New vendor permit rule upsets fishermen

Sherry Martell
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RIVER JOHN - Lobster fishermen are outraged by the province's food safety program requiring them to apply for food vendor permits to sell live lobster from the roadside.
Ronnie Heighton, spokesman for the Northumberland Fisherman's Association, said requiring fishermen to hold a food vendor permit by May 4, days after the lobster fishing season begins is outrageous.
"I can't imagine the minister agreeing to this and I think it's the bureaucrats doing this behind the minister's back, in my opinion," said Heighton.
To improve food safety standards vendors selling live lobster from the roadside will be required to have a food permit similar to other lobster vendors. Traditional direct sales from fishing boats are exempt, however.
Mike Horwich, director of food protection at the Department of Agriculture, said last winter there were an unprecedented number of fishermen direct-marketing lobster. Because they were selling perishable food they were required to have a permit, but many simply were not aware of it so the department has launched an education campaign highlighting food safety standards.
"Our food safety system is set up to protect consumers," said Horwich.
"We strive for food safety standards which are applied equally to all in the industry, from the start of food's journey all the way to the consumer."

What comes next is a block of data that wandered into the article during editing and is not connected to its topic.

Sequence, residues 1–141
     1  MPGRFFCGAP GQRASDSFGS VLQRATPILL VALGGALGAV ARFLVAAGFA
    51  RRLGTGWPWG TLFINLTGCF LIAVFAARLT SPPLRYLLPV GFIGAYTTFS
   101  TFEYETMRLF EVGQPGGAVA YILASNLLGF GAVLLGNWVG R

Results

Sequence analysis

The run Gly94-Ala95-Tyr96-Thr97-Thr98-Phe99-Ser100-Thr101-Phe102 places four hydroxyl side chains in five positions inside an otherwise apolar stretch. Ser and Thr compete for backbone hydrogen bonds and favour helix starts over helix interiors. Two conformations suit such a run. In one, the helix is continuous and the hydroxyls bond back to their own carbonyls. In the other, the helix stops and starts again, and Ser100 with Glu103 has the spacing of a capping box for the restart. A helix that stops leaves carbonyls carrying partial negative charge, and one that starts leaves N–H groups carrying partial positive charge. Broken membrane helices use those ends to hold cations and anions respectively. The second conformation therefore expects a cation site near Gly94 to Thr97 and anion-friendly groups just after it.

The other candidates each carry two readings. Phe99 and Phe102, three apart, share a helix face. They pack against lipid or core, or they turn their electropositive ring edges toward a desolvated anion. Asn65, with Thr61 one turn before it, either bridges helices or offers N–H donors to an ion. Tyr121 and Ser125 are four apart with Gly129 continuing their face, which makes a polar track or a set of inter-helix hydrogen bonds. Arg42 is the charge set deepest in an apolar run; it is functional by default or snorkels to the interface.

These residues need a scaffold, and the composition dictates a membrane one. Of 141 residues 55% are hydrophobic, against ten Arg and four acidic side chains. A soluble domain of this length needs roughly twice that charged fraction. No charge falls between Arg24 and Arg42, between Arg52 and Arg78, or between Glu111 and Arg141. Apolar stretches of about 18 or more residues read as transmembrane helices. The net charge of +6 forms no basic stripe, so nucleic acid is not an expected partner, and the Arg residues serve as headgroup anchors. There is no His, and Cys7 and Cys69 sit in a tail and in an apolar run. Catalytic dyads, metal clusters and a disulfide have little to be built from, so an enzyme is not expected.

Heighton said he was blind-sided by the permit requirement, having received first word about it on Monday when he picked up the mail, and questions the poor judgment of the province's policy makers to enforce this at a time when the economy is depressed forcing fishermen to bear another expense.
"If they were going to do this it should have been done months ago," Heighton said. "They know when the season starts and once again we are being ignored."
He said the timing of the program couldn't be worse, being announced days before
the season is set to begin, and feels it is
unnecessary.
"If you are selling live lobster out of the back of your truck and it's not moving, it's dead," Heighton said. "Consumers are not going to buy dead lobster."
Following the initial application there is a waiting period of 10 business days before a permit is issued and the cost is $40.53 including tax.
Darryl MacIvor, president of the local Maritime Fishermen's Union, said the policy is a knee-jerk reaction triggered by a situation that arose last November in southwest Nova Scotia when hundreds of fishermen began selling lobster from the back of pickups because buyers were only offering $3.25 per pound.
"It feels like the province is trying to handcuff our local guys," said MacIvor.
He said right now the policy may not have an impact but if fishermen here are not happy with the price buyers are offering their hands are tied unless they have a permit to market their catches themselves.
"I would encourage the local fishermen to call their MLAs and voice their concerns," said Heighton.
Vendors can obtain a food permit by contacting the food safety section at 902-424-1173.

smartell@trurodaily.com

Organizations: Department of Agriculture

Geographic location: RIVER JOHN, Northumberland Fisherman, Maritime Fishermen Nova Scotia

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